I saw this thing on Instagram (or Facebook… or somewhere). A challenge posed ~ Can you be happy 100 days in a row?
Me? The obvious answer is no, of course not. I can’t even maintain a level of happiness throughout an entire day. One hour, I’m good. The next, something has upset me. A few hours later, I’ve moved past it. Until something else comes up. It’s the emotional rollercoaster that is my life.
But then I really thought about it. Maybe it’s not important to “be happy” all the time, but to teach yourself to appreciate the things that give you happiness when they occur. To focus your attention on those things. To train yourself to be positive, rather than to allow yourself to be swallowed up in misery all the time. Negativity is a downward spiral. Or in my case, a cyclone into the pits of hell. If I focus on it, I can end up in a black hole for days (months… arguably years) at a time.
I am a strong believer in the law of attraction and what you put out into the universe comes back to you and all that crap. I think what you think becomes your reality. If you say “life sucks”, life will truly suck. If you say “nothing ever goes my way”, “I have terrible luck”, “someone out there is against me”, it all becomes true. Why do that to yourself? There is enough shit in the world. Don’t make it worse for yourself (and, in turn, everyone else around you).
If all of this is true, then by default, the opposite is also true. “Life is awesome.” Right?
Unfortunately, we live in a society and time where we have useless, stupid stress, too many options and choices, too little time (or too much), no REAL social hardship (war, long-standing natural disaster, etc.) to endure that makes us appreciate how much we really have… and complacency and unrest is the norm. We actually have to TEACH ourselves not to think this way. I can’t speak for everyone obviously, but for me, I grew up with this mindset. As an adult, I came to realize that happiness isn’t something you shoot for or earn or the golden finish line. It’s a choice.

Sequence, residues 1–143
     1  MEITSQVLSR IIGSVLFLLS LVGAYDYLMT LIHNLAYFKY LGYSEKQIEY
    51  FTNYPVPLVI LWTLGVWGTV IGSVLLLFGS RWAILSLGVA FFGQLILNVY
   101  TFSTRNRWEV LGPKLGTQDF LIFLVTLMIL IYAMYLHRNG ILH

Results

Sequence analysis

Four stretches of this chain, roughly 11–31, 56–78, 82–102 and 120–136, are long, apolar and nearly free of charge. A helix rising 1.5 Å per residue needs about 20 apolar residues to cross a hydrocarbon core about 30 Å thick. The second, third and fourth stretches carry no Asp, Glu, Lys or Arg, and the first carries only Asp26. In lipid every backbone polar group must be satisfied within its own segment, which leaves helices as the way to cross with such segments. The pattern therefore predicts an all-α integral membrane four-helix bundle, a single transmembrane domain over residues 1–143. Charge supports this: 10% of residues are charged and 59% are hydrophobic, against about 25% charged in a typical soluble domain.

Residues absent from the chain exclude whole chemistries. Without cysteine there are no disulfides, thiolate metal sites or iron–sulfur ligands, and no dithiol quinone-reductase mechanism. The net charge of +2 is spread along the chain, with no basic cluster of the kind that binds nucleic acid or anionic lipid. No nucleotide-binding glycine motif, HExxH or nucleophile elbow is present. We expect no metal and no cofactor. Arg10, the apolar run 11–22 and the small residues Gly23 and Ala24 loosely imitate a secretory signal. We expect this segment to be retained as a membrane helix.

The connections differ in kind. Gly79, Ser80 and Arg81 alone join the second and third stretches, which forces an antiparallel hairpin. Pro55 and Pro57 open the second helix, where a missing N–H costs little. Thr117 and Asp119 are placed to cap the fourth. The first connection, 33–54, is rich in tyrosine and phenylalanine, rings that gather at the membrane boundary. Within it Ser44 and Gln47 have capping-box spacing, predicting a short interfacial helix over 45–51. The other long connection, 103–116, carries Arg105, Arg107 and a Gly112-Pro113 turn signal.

It’s a lifestyle. It’s a way of thinking, an attitude.
Yes, I am fully aware this is oversimplifying things. There are situations in life that honestly suck. Misery is real. There are things that happen in the human brain that hold us back. I get that. (Believe me.) But I think the first step in changing your life to be closer to that seemingly-unobtainable, perpetual happiness is to be aware of those teeny tiny little things that bring a smile to your face, or even just the things that make you stop yourself from blowing up the neighbourhood and yourself when everything else is hopeless.
It’s really hard. Especially when you aren’t used to it. But I am also a subscriber to the adage “fake it till you make it”. In this whole thought process thing, it’s important to tell yourself you have things to be happy about until you believe it. There are psychotherapy practices based almost completely on this principle. Cognitive behaviour therapy is basically just that. Change your thought patterns until the desired thought becomes the new way of thinking. Instead of having to remind yourself to think that way, after a while, you just automatically do.
Even when things are at their bleakest, especially then, no matter the emotional climate you find yourself in, look for just one thing that you are blessed with. That is the point of the challenge. After 100 days, you can look back and see that life really isn’t so bad.
I keep saying I shouldn’t have started it while I’m unemployed and doing absolutely nothing. Some days, I sleep through the majority of the day and only am awake for a few hours to sit on the couch and watch TV or read. There was also a week I went through during the challenge that was one of the worst I’ve ever experienced. Some of the things I came up with were a huge stretch. I didn’t WANT to document or remember some of those things because it felt pathetic or even a lie. But, looking back at them now, I actually do feel happy about it. I’m glad I did it during this time in my life. I know now that I can put into practice what I believe and have it make a difference in my thinking. If it had been during a time that I was out everyday, doing stuff, being around people, blah blah blah… maybe it would have been too easy. Happiness would have been inevitable. Since that was not the case, I actually had to really think and dig deep to find things some days. It makes it more of a success in a way.
I have 12 days left and I have not missed a single one. Despite my world practically falling apart, the depression, the malaise and apathy, there was always something I could be happy about, whether specific to the day or just in general. Even if I don’t post one more thing for the next 12 days (which I most likely will!), I still feel like I made it.
(originally posted to wohngsikneuih)